3. Composite restorations
With the advancement in composite resin materials and dentine bonding techniques, adhesive composite restorations are becoming more and more popular and predictable in restorative dentistry. Small localised recession defects with sensitivity, wear or caries of the root surface can be corrected by bonding tooth coloured composite over the exposed root surface. This will result in a longer clinical crown height which would be acceptable if the patient has a low lip line or if adjacent teeth can be treated in the same way to maintain symmetry. On some occasions it may also be possible to use composite to treat more extensive recession defects where there has been interproximal bone loss often seen in patients with periodontal disease. The composite can be used to close the black triangles and cover the exposed root surfaces associated with the recession defect (Figs 4a-b). Careful placement of the composite restoration is essential to ensure there are no plaque retentive margins which would promote further gingival recession. In some cases using tooth coloured composite in this way may not be aesthetically acceptable and alternative options would need to be considered to restore the aesthetics.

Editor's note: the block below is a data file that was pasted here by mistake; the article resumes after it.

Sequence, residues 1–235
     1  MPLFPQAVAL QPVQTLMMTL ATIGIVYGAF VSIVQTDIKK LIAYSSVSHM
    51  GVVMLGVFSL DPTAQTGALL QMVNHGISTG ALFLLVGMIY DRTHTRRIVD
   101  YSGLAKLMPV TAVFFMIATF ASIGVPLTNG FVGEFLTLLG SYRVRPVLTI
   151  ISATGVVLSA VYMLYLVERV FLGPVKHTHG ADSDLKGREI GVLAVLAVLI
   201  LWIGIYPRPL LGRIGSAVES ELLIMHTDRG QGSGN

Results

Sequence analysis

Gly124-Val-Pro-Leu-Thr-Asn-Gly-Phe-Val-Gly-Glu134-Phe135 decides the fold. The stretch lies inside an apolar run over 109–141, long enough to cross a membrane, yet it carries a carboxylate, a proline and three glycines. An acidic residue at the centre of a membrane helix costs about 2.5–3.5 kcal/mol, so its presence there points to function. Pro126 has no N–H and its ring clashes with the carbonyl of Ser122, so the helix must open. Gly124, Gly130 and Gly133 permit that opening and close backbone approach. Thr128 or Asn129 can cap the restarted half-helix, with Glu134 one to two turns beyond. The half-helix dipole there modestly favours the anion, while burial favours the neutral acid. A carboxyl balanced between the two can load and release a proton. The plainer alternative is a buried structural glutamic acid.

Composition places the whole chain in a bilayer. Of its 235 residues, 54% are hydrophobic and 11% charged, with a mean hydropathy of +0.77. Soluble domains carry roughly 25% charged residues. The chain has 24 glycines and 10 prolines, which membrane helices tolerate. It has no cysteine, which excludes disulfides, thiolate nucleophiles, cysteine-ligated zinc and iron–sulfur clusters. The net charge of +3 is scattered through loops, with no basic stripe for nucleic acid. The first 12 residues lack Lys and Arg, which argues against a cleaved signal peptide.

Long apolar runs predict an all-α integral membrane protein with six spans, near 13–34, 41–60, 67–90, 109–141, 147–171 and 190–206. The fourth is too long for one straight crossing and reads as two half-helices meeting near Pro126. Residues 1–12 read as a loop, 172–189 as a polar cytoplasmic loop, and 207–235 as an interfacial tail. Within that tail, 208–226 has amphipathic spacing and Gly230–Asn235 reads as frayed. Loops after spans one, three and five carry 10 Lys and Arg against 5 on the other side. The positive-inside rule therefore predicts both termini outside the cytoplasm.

4. Pink porcelain or composite
Surgical procedures have been widely described to successfully treat recession defects; however, in some patients surgery may not be a viable option or an option they wish to pursue. With advances in bonding agents and the development of pink ceramics and resin composite materials, it is possible to use gingival coloured porcelain or composites over the root surface to eliminate dentine hypersensitivity and restore aesthetics.7 However, there are some difficulties associated with these techniques such as getting a good colour match of the restorative material with the gingival tissues, moisture control from the gingival crevicular fluid and ensuring there are no ledges as it can make oral hygiene difficult leading to further recession.
5. Removable gingival veneers
Some patients will have multiple sites of recession in the anterior aesthetic zone which is most commonly associated with periodontal disease. This results in exposed root surfaces and appearance of spacing between the teeth where the dental papillae have been lost, often referred to as 'black triangles'. Some patients will also complain of altered speech due to air escaping through the recession defects interproximaly. In these patients surgical techniques to graft multiple sites to replace lost tissue may be impossible and unpredictable.